Browse Definitions:
Definition

wall time (real-world time or wall-clock time)

Wall time, also called real-world time or wall-clock time, refers to elapsed time as determined by a chronometer such as a wristwatch or wall clock. (The reference to a wall clock is how the term originally got its name.)

Wall time differs from time as measured by counting microprocessor clock pulses or cycles. The number of microprocessor clock cycle s per second of wall time depends on the microprocessor's clock speed . The microprocessor clock is not a chronometer, but a signal generator that outputs pulses at a high, precise, constant frequency . The microprocessor clock in a 2- GHz computer ticks twice as fast (2,000,000,000 cycles per second) as the microprocessor clock in a 1-GHz computer (1,000,000,000 cycles per second). The so-called computer clock that displays chronological time in terms of the date, hour, minute, and second displays wall time, not the time in microprocessor cycles.

In practical computing, wall time is the actual time, usually measured in seconds, that a program takes to run or to execute its assigned tasks. When the computer is multitasking, the wall time for each program is determined separately, and depends on how the microprocessor allocates resources among the programs. For example, if a computer multitasks using three different programs for a continuous period of 60 seconds, one program might consume 10 seconds of wall time, the second program 20 seconds, and the third program 30 seconds. But these are not contiguous blocks; instead they are allocated in a rotating fashion, similar to time-division multiplexing in communications practice.

For a computer user, the total amount of elapsed time, as measured in days, hours, minutes, and seconds (denoted in the form dd+hh:mm:ss) that the computer has worked on a specific job is measured in wall time. This is not necessarily a single, contiguous block of time, because a computer may (and usually does) perform more than one job over a given period.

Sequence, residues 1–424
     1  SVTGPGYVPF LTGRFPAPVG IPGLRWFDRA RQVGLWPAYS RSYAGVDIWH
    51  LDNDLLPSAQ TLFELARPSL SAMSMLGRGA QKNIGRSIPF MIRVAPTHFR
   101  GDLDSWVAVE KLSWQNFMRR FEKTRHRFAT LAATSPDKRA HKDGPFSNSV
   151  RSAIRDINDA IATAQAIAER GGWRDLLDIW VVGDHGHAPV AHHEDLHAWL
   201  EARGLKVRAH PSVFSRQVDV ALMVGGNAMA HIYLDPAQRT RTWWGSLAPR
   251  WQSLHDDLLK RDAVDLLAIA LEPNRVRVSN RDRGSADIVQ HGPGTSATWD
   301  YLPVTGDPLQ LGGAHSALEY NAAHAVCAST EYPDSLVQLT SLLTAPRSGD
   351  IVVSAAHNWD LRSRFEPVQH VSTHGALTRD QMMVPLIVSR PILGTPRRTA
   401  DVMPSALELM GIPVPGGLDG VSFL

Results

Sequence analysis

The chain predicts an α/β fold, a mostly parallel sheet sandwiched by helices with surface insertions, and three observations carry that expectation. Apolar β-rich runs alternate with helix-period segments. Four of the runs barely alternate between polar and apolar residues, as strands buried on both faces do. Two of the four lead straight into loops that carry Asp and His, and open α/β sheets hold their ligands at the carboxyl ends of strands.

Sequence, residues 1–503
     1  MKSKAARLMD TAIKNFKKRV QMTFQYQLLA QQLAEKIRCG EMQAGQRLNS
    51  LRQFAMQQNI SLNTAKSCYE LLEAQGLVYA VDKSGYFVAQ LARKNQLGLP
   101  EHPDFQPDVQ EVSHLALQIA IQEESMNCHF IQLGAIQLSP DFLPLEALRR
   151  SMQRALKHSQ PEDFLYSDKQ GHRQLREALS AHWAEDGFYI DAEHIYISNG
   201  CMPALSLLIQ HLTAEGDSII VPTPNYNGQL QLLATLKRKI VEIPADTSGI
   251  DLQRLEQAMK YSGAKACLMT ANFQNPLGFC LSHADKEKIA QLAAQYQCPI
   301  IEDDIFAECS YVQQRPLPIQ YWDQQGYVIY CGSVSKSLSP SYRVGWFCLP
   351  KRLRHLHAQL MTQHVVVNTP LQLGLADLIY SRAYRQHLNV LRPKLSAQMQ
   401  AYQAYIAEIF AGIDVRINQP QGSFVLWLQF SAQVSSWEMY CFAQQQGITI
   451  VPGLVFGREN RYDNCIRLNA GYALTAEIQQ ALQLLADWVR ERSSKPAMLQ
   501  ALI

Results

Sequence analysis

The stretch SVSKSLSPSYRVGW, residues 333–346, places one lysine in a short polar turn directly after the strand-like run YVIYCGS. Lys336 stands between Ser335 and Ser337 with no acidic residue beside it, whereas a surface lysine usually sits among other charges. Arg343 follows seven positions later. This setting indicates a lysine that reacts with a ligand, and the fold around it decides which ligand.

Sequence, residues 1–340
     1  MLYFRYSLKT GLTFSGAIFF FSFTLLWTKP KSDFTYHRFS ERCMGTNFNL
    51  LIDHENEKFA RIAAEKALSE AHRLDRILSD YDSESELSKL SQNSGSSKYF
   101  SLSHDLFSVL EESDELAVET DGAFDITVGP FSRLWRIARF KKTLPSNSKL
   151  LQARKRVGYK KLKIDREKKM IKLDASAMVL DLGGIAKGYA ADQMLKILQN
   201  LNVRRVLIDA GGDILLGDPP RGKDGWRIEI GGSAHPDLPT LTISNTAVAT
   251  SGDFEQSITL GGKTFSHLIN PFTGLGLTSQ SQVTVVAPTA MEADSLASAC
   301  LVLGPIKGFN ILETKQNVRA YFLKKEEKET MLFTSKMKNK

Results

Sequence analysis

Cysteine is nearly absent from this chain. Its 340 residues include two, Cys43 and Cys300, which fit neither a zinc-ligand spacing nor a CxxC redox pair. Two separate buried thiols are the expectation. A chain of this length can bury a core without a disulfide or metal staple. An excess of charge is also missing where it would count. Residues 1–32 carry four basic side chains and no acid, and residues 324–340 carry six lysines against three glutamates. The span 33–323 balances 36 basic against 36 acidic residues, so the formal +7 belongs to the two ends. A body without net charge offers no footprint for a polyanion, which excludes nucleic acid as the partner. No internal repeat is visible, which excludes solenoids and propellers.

This was last updated in March 2011

Start the conversation

Send me notifications when other members comment.

By submitting you agree to receive email from TechTarget and its partners. If you reside outside of the United States, you consent to having your personal data transferred to and processed in the United States. Privacy

Please create a username to comment.

-ADS BY GOOGLE

File Extensions and File Formats

Powered by:

SearchCompliance

  • internal audit (IA)

    An internal audit (IA) is an organizational initiative to monitor and analyze its own business operations in order to determine ...

  • pure risk (absolute risk)

    Pure risk, also called absolute risk, is a category of threat that is beyond human control and has only one possible outcome if ...

  • risk assessment

    Risk assessment is the identification of hazards that could negatively impact an organization's ability to conduct business.

SearchSecurity

  • phishing

    Phishing is a form of fraud in which an attacker masquerades as a reputable entity or person in email or other communication ...

  • vulnerability disclosure

    Vulnerability disclosure is the practice of publishing information about a computer security problem, and a type of policy that ...

  • incident response

    Incident response is an organized approach to addressing and managing the aftermath of a security breach or cyberattack, also ...

SearchHealthIT

SearchDisasterRecovery

  • business continuity and disaster recovery (BCDR)

    Business continuity and disaster recovery (BCDR) are closely related practices that describe an organization's preparation for ...

  • business continuity plan (BCP)

    A business continuity plan (BCP) is a document that consists of the critical information an organization needs to continue ...

  • call tree

    A call tree -- sometimes referred to as a phone tree -- is a telecommunications chain for notifying specific individuals of an ...

SearchStorage

  • flash memory

    Flash memory, also known as flash storage, is a type of nonvolatile memory that erases data in units called blocks.

  • NAND flash memory

    NAND flash memory is a type of nonvolatile storage technology that does not require power to retain data.

  • NOR flash memory

    NOR flash memory is one of two types of nonvolatile storage technologies.

SearchSolidStateStorage

  • hybrid hard disk drive (HDD)

    A hybrid hard disk drive is an electromechanical spinning hard disk that contains some amount of NAND Flash memory.

Close